The thousands of bacteria, fungi and other microbes that live in our gut are essential contributors to our good health. They break down toxins, manufacture some vitamins and essential amino acids, and form a barrier against invaders. A study published today in Nature shows that, at 3.3 million, microbial genes in our gut outnumber previous estimates for the whole of the human body. Scientists at the European Molecular Biology Laboratory (EMBL) in Heidelberg, Germany, working within the European project MetaHIT and in collaboration with colleagues at the Beijing Genomics Institute at Shenzhen, China, established a reference gene set for the human gut microbiome - a catalogue of the microbe genes present in the human gut. Their work proves that high-throughput techniques can be used to sequence environmental samples, and brings us closer to an understanding of how to maintain the microbial balance that keeps us healthy.
"Knowing which combination of genes is necessary for the right balance of microbes to thrive within our gut may allow us to use stool samples, which are non-invasive, as a measure of health," says Peer Bork, whose group at EMBL took part in the analysis. "One day, we may even be able to treat certain health problems simply by eating a yoghurt with the right bacteria in it."
This catalogue of the microbial genes harboured by the human gut will also be useful as a reference for future studies aiming to investigate the connections between bacterial genetic make-up and particular diseases or aspects of people's lifestyles, such as diet.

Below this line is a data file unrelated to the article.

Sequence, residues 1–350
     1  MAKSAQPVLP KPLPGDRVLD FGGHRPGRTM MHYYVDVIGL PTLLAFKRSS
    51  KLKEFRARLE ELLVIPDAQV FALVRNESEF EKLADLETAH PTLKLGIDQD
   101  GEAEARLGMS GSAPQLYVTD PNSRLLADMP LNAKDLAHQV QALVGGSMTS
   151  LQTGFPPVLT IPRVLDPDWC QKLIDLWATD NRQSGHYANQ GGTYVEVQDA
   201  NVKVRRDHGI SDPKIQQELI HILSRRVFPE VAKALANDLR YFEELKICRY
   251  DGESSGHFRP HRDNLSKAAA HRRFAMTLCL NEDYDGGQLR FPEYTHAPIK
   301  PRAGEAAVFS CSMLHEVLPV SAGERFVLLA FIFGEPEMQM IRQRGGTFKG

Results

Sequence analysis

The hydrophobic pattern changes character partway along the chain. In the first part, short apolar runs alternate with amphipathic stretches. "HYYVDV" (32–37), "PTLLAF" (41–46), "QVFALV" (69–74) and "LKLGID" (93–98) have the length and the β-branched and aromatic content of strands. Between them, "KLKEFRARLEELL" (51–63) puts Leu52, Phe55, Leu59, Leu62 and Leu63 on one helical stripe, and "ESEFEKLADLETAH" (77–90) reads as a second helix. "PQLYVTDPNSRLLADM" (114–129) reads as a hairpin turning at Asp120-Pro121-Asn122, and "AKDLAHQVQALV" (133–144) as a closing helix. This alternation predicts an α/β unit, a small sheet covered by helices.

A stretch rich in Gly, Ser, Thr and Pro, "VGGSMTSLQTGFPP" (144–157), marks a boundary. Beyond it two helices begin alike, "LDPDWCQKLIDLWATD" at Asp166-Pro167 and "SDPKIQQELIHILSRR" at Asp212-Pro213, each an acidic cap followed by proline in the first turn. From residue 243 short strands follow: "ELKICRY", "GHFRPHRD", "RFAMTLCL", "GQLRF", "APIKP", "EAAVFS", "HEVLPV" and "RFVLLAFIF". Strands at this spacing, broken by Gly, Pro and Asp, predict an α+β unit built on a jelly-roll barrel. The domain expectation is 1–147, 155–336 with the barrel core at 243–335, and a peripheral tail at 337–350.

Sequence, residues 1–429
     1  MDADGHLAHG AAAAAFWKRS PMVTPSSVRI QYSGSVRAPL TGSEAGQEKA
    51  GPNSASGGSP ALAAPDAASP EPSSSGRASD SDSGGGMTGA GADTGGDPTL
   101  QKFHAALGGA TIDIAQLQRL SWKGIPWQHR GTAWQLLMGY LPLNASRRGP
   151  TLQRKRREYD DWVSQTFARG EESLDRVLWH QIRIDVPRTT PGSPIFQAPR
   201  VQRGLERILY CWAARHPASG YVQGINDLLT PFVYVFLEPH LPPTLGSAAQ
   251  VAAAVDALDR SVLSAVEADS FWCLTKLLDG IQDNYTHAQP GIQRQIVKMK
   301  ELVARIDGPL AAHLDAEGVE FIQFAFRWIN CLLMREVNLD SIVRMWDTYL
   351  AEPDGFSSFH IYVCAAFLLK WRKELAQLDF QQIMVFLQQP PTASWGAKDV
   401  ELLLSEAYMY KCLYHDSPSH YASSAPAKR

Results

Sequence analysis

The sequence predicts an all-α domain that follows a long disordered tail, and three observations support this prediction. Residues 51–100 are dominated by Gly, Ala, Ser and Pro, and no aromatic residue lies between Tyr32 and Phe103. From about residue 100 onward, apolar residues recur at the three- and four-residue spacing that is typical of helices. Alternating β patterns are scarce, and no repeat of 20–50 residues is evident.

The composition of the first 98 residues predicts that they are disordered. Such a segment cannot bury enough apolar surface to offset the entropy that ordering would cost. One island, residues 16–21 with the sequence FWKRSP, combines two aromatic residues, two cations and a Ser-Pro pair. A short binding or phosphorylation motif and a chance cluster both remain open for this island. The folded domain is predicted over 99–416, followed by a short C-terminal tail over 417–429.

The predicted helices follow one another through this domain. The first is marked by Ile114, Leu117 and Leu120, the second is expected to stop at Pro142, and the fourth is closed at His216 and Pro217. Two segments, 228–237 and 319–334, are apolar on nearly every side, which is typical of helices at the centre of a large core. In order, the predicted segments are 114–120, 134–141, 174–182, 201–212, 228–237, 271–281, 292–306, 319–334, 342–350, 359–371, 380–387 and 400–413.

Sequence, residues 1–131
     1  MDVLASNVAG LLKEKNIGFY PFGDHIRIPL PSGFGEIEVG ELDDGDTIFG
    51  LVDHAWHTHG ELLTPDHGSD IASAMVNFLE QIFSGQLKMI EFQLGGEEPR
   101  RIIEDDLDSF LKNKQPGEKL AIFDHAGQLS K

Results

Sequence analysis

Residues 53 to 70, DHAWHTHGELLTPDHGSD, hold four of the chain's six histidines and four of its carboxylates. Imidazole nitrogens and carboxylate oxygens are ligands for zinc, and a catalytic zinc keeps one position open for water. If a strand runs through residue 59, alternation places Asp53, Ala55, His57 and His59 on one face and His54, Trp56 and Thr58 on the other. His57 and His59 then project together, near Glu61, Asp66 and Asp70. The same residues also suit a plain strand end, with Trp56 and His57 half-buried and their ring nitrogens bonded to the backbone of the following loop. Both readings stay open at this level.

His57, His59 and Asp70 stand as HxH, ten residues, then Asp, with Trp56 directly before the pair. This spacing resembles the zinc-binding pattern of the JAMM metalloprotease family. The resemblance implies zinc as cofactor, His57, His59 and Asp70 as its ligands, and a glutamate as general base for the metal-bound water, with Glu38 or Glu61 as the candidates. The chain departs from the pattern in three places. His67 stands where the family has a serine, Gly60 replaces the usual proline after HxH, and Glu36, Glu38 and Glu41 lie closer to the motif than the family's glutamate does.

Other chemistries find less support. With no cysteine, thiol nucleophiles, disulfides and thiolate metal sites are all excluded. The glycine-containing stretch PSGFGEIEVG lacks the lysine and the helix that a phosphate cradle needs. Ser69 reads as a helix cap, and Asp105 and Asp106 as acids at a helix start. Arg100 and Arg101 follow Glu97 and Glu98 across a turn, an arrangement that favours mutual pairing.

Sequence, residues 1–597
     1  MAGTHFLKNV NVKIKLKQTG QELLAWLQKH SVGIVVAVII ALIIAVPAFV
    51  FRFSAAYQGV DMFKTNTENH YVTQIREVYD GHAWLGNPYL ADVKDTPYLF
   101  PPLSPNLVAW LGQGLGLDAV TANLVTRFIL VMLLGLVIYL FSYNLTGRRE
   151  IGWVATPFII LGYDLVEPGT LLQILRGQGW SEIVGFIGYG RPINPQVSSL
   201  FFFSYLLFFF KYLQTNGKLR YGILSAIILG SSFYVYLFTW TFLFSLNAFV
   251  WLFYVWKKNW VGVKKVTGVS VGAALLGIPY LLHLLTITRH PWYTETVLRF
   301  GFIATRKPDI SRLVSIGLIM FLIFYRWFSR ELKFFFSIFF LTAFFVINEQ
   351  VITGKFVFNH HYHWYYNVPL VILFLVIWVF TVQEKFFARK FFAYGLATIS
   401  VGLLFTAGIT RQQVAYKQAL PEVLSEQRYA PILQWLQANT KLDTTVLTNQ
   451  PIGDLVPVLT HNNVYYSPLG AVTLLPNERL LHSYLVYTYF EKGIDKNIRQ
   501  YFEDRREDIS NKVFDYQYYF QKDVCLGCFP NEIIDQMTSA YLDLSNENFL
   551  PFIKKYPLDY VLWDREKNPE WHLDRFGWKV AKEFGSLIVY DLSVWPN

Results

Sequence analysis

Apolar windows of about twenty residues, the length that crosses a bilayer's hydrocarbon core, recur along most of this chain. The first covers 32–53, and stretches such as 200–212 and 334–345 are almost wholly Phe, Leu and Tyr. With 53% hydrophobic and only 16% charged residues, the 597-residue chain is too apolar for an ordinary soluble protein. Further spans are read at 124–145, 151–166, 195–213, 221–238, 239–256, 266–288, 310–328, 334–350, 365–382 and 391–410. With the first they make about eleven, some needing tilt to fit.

To gain a comprehensive picture of the microbial genes present in the human gut, Bork and colleagues turned to the emerging field of metagenomics, in which researchers take samples from the environment they wish to study and sequence all the genetic material contained therein. They were the first to employ a high-throughput method called Illumina sequencing to metagenomics, dispelling previous doubts over the feasibility of using this method for such studies.
From a bacterium's point of view, the human gut is not the best place to set up home, with low pH and little oxygen or light. Thus, bacteria have had to evolve means of surviving in this challenging environment, which this study now begins to unveil. The scientists identified the genes that each individual bacterium needs to survive in the human gut, as well as those that have to be present for the community to thrive, but not necessarily in all individuals, since if one species produces a necessary compound, others may not have to. This could explain another of the scientists' findings, namely that the gut microbiomes of individual humans are more similar than previously thought: there appears to be a common set of genes which are present in different humans, probably because they ensure that crucial functions are carried out. In the future, the scientists would like to investigate whether the same or different species of bacteria contribute those genes in different humans.
The research was conducted within the European project MetaHIT, coordinated by Dusko Ehrlich at the Institut National de la Recherche Agronomique, in France, with genetic sequencing carried out by Jun Wang's team at the Beijing Genomics Institute at Shenzhen, China.